Saturday, 24 December 2011

T 491/09 – Clairvoyance

Member of an Opposition Division consulting the DG3 oracle
The opponent filed an appeal against the decision of the Opposition Division (OD) to maintain the patent in amended form, based on the third auxiliary request, which had been filed during oral proceedings (OPs)

The opponent claimed that the OD should not have admitted this request into the proceedings.

Here is what the Board had to say on this matter:

[1.1] The Board notes that if the way in which a department of first instance has exercised its discretion on admitting requests filed during OPs is challenged in appeal, it is not the function of a Board to review all the facts and circumstances of the case as if it were in the place of the department of first instance, and to decide whether or not it would have exercised such discretion in the same way as or different from the department of first instance. A Board of Appeal should only overrule the way in which a department of first instance has exercised its discretion if the Board concludes it has done so according to the wrong principles, or without taking into account the right principles, or in an unreasonable way (see Case Law of the Boards of Appeal of the EPO, 6th edition 2010, VII.E-6.6).

[1.2] The question therefore arises whether the OD exercised its discretion properly according to the above stated criteria.

[1.3] In chapter E-III, 8.6 of the Guidelines for Examination in the EPO is stated that in exercising its discretion according to R 116(1) and (2)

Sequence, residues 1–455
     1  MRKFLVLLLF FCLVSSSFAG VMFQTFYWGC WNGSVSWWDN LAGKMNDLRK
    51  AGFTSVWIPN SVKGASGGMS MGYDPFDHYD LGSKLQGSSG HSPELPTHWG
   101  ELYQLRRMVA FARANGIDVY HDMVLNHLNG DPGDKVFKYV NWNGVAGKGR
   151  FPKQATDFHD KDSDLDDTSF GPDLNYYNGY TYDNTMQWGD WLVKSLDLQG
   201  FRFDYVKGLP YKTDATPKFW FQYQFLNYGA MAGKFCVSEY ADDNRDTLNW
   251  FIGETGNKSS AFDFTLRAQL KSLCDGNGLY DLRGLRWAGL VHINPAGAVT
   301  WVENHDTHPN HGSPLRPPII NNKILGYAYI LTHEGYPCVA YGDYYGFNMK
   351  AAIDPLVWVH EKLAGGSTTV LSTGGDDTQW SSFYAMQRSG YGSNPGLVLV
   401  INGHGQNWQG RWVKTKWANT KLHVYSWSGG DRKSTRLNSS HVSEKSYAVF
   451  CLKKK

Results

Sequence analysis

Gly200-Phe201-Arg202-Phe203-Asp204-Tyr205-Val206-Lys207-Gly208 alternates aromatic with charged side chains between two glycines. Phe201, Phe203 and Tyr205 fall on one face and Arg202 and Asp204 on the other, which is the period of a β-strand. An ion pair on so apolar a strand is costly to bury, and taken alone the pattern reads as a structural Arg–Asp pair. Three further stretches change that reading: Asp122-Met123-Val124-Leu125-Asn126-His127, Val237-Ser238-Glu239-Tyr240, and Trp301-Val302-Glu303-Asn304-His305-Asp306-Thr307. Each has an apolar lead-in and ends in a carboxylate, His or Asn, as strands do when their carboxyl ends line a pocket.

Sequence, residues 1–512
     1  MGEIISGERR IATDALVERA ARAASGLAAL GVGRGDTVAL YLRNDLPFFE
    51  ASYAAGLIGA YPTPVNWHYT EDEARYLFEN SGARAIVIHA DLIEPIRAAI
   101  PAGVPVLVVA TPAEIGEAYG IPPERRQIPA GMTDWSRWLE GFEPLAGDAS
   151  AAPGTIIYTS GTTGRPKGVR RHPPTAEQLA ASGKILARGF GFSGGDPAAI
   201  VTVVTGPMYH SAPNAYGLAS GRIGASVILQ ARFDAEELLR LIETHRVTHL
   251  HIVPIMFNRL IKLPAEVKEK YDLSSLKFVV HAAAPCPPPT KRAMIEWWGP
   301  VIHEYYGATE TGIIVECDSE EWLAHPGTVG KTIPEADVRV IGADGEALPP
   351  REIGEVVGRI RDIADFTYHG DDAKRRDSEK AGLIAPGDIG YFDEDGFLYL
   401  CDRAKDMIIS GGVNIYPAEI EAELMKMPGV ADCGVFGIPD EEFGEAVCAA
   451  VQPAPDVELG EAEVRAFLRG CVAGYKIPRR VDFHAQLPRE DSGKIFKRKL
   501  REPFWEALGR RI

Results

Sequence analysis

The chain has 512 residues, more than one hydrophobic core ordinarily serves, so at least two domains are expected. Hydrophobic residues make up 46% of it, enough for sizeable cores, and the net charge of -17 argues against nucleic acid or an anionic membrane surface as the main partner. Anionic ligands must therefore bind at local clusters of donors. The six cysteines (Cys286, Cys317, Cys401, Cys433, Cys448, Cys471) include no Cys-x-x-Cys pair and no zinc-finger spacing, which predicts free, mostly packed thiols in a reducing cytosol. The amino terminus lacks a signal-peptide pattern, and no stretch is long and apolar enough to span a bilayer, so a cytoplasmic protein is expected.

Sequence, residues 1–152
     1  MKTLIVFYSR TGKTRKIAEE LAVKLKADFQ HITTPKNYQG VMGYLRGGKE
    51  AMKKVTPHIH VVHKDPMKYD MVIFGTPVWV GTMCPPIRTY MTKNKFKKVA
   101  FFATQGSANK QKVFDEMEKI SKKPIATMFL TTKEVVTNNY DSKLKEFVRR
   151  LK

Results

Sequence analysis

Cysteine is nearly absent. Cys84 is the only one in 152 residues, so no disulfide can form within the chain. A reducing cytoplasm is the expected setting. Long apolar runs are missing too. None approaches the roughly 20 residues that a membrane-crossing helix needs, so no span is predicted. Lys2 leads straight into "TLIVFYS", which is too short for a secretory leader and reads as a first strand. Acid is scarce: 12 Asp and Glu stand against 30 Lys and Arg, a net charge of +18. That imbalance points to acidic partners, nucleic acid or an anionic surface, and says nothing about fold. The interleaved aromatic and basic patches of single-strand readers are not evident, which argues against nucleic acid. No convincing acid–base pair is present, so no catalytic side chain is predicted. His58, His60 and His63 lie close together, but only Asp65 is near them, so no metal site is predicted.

“the Division will in the first place have to consider ... the allowability of the late-filed amendments, on a prima facie basis. If these ... amendments are clearly not allowable, they will not be admitted. Before admitting these submissions, the Division will next consider procedural expediency, the possibility of abuse of the procedure (e.g. one of the parties is obviously protracting the proceedings) and the question whether the parties can reasonably be expected to familiarise themselves in the time available with ... the proposed amendments”.
Prima facie allowability

[1.4] It transpires from points 3 and 4 of the minutes of the OPs that the OD regarded the then final 3rd auxiliary request as prima facie overcoming the opposition grounds based on A 100(b) and A 100(c) (in combination with A 123(2)) and thus as prima facie allowable in these respects. The appellant argues, however, that the OD did not examine the prima facie clarity of the claims, which it should have.

[1.4.1] The Board observes in the first place that the minutes of the OPs before the OD are silent on any issue of clarity raised by the appellant as a hindrance to admitting the request in question. Also at the OPs before the Board the appellant could not recollect having made such an objection in this particular respect.

To the contrary, the minutes, page 3 state that “the opponent raised no other objections than those already discussed”, which clearly could lead the OD to assume that no further formal issues remained, nor that any new formal objections were raised.

Admitting this request in such circumstances can already for that reason alone not be criticised.

[1.4.2] The appellant argued that the OD should ex officio have examined the entire claim for clarity, following the principles of T 1459/05 and T 656/07.

The Board wishes to point out that the OD could hardly take account of T 656/07 which was issued in 2009, i.e. after the OPs in opposition held on 10 November 2008. Remains only one decision T 1459/05, which was decided on 21 February 2008.

Apart from the fact that ODs can hardly be held to have immediate knowledge of any single decision when it issues, the Board cannot find fault with an OD which does not follow a decision which itself explains why its case is so particular that it warrants departing from otherwise consistent case law. It should be kept in mind that the allowability is examined merely on a prima facie basis and all the more so only in connection with a discussion on admissibility of a request.